The Brit and one of his friends had a little joint birthday do, in Hampshire this last weekend.
Most people who came along had babies or small children, but I have yet to attend a small gathering where a couple walks in to join us, proudly carrying a pair of twins. Until now.
I see twins all the time, and while it hurts - it shouldn't, and I wish it wouldn't - mostly these twins are in passing. On the street, in one of my playgroups, but mostly they are gone, in the blink of an eye, and I don't know them.
There are a lot of twins here. In southwest London anyway; a day doesn't go by when I don't see a set of twins passing me on the street in a double buggy.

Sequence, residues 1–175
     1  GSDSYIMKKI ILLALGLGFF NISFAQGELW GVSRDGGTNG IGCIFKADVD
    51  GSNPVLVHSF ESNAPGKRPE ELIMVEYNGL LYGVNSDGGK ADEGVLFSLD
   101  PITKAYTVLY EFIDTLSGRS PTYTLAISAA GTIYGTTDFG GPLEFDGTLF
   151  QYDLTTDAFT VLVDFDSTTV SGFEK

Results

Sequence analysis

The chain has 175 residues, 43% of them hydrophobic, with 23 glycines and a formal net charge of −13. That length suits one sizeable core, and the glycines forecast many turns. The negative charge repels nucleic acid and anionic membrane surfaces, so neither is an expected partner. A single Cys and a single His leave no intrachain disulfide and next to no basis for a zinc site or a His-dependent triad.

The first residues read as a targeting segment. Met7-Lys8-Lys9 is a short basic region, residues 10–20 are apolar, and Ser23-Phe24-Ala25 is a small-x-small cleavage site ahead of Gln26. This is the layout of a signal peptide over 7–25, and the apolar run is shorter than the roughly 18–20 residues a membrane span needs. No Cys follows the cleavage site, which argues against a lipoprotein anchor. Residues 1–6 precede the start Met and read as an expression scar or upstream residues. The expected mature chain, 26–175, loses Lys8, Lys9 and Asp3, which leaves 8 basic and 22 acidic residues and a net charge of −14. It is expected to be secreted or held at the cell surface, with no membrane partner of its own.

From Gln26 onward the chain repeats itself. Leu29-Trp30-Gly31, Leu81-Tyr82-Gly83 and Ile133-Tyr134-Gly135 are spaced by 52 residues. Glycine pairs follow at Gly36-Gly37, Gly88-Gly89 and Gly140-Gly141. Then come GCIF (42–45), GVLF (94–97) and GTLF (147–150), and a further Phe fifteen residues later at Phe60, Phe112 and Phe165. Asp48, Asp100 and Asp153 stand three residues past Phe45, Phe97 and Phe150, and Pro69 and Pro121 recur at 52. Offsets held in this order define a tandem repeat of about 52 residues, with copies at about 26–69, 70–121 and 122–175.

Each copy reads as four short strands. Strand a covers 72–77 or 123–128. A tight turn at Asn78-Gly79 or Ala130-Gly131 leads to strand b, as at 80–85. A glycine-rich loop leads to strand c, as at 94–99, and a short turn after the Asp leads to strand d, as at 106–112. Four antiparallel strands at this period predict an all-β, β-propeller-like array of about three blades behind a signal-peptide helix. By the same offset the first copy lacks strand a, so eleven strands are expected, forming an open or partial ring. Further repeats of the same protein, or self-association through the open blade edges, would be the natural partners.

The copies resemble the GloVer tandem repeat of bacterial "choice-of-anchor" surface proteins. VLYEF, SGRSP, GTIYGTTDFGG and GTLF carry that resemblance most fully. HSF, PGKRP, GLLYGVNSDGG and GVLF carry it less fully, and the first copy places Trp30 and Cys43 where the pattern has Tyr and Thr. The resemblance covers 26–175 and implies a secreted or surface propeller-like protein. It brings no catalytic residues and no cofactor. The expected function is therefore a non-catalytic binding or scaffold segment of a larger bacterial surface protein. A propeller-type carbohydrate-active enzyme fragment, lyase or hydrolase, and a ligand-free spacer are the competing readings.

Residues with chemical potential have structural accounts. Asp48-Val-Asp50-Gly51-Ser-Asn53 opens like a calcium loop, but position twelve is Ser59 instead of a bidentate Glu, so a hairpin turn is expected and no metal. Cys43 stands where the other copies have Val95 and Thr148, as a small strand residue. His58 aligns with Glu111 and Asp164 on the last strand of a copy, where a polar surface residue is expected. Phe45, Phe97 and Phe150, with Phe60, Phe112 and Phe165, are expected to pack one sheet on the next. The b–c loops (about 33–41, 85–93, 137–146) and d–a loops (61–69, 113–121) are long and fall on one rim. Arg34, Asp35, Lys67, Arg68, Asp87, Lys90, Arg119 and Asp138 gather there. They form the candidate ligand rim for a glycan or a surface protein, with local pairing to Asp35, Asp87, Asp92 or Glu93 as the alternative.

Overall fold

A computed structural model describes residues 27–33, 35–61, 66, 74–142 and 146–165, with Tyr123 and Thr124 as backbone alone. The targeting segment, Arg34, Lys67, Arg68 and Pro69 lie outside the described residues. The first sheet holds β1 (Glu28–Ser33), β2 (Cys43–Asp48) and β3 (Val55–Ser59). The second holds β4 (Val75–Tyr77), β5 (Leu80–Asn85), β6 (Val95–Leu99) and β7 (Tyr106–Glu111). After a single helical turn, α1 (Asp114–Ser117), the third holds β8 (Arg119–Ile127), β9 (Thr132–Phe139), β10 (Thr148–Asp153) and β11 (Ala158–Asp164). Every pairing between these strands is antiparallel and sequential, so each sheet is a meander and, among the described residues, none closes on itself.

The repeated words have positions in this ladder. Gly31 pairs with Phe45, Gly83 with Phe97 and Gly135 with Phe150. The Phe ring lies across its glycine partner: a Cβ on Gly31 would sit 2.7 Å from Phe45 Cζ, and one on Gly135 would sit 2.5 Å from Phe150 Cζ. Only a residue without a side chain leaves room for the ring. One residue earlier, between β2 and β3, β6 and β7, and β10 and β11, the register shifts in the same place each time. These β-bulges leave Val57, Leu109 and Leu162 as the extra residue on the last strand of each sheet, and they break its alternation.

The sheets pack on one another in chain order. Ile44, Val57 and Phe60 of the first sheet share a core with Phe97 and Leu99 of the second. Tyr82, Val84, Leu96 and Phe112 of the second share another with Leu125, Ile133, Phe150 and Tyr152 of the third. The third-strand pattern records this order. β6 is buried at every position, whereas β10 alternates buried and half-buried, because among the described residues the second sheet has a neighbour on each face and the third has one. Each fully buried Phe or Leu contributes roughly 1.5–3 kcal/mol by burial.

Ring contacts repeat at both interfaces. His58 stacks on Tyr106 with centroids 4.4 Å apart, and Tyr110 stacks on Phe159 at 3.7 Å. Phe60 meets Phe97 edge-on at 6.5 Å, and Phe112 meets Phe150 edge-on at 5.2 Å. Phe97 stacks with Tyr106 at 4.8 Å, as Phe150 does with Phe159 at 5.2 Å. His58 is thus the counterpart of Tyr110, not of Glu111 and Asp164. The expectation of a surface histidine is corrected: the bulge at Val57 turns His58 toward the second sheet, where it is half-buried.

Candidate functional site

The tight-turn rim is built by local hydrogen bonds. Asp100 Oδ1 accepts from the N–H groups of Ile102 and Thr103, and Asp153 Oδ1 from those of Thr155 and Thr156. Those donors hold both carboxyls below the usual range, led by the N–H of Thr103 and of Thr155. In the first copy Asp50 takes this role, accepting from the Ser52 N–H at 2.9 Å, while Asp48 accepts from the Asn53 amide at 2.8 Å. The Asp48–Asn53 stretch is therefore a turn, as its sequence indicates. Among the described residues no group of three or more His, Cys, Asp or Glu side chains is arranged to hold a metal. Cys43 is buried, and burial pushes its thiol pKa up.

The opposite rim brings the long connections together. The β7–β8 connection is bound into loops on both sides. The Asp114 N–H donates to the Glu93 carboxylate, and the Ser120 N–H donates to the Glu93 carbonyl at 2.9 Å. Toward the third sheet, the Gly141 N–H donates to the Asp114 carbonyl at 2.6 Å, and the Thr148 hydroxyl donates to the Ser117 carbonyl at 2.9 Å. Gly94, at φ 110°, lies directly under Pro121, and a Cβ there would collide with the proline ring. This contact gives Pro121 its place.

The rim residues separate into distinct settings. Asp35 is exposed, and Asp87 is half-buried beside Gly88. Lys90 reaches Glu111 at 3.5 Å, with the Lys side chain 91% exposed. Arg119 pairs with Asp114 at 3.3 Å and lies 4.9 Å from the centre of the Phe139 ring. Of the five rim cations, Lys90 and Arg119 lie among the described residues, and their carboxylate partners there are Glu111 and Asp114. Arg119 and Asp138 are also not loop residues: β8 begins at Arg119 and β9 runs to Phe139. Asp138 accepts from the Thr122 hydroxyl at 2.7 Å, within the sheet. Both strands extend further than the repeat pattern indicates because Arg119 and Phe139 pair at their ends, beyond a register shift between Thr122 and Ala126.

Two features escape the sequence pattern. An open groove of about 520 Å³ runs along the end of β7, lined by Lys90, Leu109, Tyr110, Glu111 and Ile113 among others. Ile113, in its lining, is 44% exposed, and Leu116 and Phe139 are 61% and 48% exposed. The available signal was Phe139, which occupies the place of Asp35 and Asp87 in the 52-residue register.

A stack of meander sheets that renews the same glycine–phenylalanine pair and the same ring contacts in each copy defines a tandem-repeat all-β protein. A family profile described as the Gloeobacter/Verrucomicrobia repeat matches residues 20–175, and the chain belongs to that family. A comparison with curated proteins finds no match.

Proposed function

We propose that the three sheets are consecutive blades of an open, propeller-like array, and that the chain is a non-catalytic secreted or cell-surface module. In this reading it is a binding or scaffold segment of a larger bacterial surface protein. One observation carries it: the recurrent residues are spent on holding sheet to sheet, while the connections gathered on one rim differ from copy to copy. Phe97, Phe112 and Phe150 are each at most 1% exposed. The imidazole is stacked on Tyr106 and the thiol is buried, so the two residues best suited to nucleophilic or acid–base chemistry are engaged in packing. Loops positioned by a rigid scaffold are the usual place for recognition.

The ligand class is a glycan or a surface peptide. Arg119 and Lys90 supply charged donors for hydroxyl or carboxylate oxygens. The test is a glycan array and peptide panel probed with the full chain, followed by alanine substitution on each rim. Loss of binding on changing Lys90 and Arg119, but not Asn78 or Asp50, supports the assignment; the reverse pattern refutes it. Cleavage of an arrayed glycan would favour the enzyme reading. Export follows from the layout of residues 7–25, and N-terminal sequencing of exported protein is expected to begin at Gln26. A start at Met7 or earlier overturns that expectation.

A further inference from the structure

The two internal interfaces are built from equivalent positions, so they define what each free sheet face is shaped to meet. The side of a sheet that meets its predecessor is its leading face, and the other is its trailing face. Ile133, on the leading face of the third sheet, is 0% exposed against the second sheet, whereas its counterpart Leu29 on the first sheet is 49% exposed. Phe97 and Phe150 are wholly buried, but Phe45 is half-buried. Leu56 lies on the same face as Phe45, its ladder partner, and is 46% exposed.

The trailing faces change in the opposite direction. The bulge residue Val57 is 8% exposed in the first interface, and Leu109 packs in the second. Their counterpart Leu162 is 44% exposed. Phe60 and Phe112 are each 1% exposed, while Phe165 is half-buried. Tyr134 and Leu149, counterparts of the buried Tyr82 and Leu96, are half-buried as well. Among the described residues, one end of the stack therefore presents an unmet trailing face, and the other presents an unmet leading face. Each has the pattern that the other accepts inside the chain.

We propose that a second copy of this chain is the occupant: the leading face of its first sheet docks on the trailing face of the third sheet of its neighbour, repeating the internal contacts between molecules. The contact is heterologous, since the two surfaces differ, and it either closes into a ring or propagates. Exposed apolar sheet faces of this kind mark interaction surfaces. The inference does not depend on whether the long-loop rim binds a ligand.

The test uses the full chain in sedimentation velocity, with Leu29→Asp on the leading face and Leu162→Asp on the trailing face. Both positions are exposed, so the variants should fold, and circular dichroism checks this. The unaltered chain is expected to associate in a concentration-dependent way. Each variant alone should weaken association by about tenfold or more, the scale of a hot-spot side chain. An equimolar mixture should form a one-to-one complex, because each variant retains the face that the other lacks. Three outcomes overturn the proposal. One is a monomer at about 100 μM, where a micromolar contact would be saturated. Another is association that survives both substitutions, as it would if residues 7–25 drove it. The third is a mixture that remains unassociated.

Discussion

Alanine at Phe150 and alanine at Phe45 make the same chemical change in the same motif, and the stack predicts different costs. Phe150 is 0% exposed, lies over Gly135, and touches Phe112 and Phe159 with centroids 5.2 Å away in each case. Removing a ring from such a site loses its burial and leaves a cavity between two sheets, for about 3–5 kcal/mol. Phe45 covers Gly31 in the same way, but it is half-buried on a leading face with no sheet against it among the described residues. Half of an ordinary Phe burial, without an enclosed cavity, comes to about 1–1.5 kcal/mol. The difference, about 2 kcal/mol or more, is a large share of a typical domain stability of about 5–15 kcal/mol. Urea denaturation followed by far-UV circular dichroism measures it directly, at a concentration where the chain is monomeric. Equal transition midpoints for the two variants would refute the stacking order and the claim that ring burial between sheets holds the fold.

But this was the first time twins came to join our party. And I have to admit, my heart leapt right up into my throat, and I caught my breath, not being able to tear my eyes away from the two sleeping angels in their Maxi Cosi car seats. The same car seats Sebastian and Molly had ready to go.
I got emotional, and so did the Brit. It wasn't easy.
And then I felt angry. Those parents, so happy, smug and oblivious, it's not their fault. They don't know. Just like everyone else, they have no idea. No, I wasn't angry at them. I was upset that the people that invited them didn't say anything to me or the Brit beforehand.
Obviously they didn't think to, and obviously they didn't intend for us to get sad, and clearly I am asking for too much, but it would've been great to get a head's up. In a perfect world, our friends would think about this.
In a normal world, people are busy, have other stuff to think about, and if they do think about this, don't want to rock the boat by saying something.